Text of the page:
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Indian smartphone manufacturer Micromax is launching a new online-only brand YU through newly formed subsidiary YU Televentures.

It has tied-up with the maker of the Android-based CyanogenMod ROMs mobile operating system, and is expected to launch its first smartphone under this brand in December this year. Micromax mentions that it along with Cyanogen will be partnering several companies to build a layer of services on top of the operating system.

Why YU?

This seems to be an attempt to counter Xiaomi’s Mi series of affordable smartphones, for which the Chinese company has also adopted the online-only distribution model. Xiaomi’s flash sales-based marketing strategy has succeeded in attracting a lot of attention towards the brand. Motorola had also adopted a similar distribution model for its Moto G series of smartphones, earlier this year. While Finnish smartphone maker Jolla is the latest company to have launched its devices exclusively online.

According to an IDC report, Micromax holds a 18% market share in the Indian smartphone market (as of Q2 2014), second only to Samsung which has a market share of 29%. However, if feature phones are taken into consideration the difference in market share between Samsung & Micromax is very little. Samsung still leads with 17% of overall mobile handsets, while Micromax has 14% share. Cost is still one of the major decision points for Indian consumers.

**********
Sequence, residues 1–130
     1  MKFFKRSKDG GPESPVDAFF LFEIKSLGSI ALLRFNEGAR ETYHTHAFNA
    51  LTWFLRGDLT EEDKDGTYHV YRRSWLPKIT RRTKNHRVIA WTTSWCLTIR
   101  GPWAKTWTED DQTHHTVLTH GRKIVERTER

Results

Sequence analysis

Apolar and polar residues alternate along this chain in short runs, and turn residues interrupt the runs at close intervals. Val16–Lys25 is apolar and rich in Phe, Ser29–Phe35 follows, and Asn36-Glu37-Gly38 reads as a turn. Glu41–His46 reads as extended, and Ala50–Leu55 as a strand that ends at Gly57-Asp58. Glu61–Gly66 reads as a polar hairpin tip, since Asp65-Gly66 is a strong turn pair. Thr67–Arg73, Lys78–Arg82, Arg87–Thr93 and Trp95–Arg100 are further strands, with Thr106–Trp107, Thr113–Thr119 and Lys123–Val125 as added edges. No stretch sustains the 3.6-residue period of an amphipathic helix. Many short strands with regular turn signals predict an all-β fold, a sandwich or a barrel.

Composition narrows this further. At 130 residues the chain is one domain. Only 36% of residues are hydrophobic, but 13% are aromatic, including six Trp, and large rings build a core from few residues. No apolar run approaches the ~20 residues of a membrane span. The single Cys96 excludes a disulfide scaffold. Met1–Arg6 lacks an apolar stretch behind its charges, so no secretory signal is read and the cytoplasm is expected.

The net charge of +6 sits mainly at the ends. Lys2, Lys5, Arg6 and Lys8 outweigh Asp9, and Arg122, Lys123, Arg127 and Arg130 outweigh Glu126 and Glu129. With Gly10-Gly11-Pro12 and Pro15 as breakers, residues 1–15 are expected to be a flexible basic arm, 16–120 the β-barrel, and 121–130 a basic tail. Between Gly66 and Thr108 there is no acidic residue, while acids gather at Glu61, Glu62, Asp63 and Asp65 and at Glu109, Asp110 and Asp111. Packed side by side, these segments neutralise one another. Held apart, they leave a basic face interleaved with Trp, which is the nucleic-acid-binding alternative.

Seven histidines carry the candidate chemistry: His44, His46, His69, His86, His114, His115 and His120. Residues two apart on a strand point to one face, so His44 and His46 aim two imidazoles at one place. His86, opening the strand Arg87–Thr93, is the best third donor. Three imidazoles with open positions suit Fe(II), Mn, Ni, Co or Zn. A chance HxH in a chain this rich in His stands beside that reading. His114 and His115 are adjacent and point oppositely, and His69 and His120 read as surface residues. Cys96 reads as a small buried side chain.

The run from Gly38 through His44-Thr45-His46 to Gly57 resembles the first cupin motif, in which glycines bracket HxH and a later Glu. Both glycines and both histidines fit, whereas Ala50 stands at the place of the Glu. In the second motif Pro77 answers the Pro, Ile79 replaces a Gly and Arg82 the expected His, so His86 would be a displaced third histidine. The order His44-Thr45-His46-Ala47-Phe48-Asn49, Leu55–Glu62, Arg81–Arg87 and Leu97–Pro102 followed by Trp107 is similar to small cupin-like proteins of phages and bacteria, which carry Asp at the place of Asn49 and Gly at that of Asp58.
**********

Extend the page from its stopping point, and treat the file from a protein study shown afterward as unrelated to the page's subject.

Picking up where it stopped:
Chinese smartphone manufacturer OnePlus, which launched its first smartphone OnePlus One in April this year, is also expected to enter the Indian market in December this year . Its smartphone also runs on CyanogenMod dubbed as CyanogenMod 11S and features a 5.5 inch full-HD display, quad-core Snapdragon 801 processor and 13 megapixel camera among others. Earlier this month, OnePlus had also appointed Vikas Agarwal as the general manager of OnePlus India.

Importance of online tie-ups

Earlier this month, Lenovo India Director (Smartphones) Sudhin Mathur told Medianama that if they had launched the phone offline customers in major cities like Delhi, Mumbai & Bangalore would have been the only ones with immediate access. Customers in tier-II, tier-III & tier-IV towns would’ve had to wait, as it takes time for products to reach retail outlets in those centres.

He also said that online platforms allow companies to reach out to a targeted net savvy audience that understands what they want to buy. Plus, e-commerce platforms allow users to actually compare products based on what’s being offered at what prices due to their neutral nature and take an instant decision. More on this here.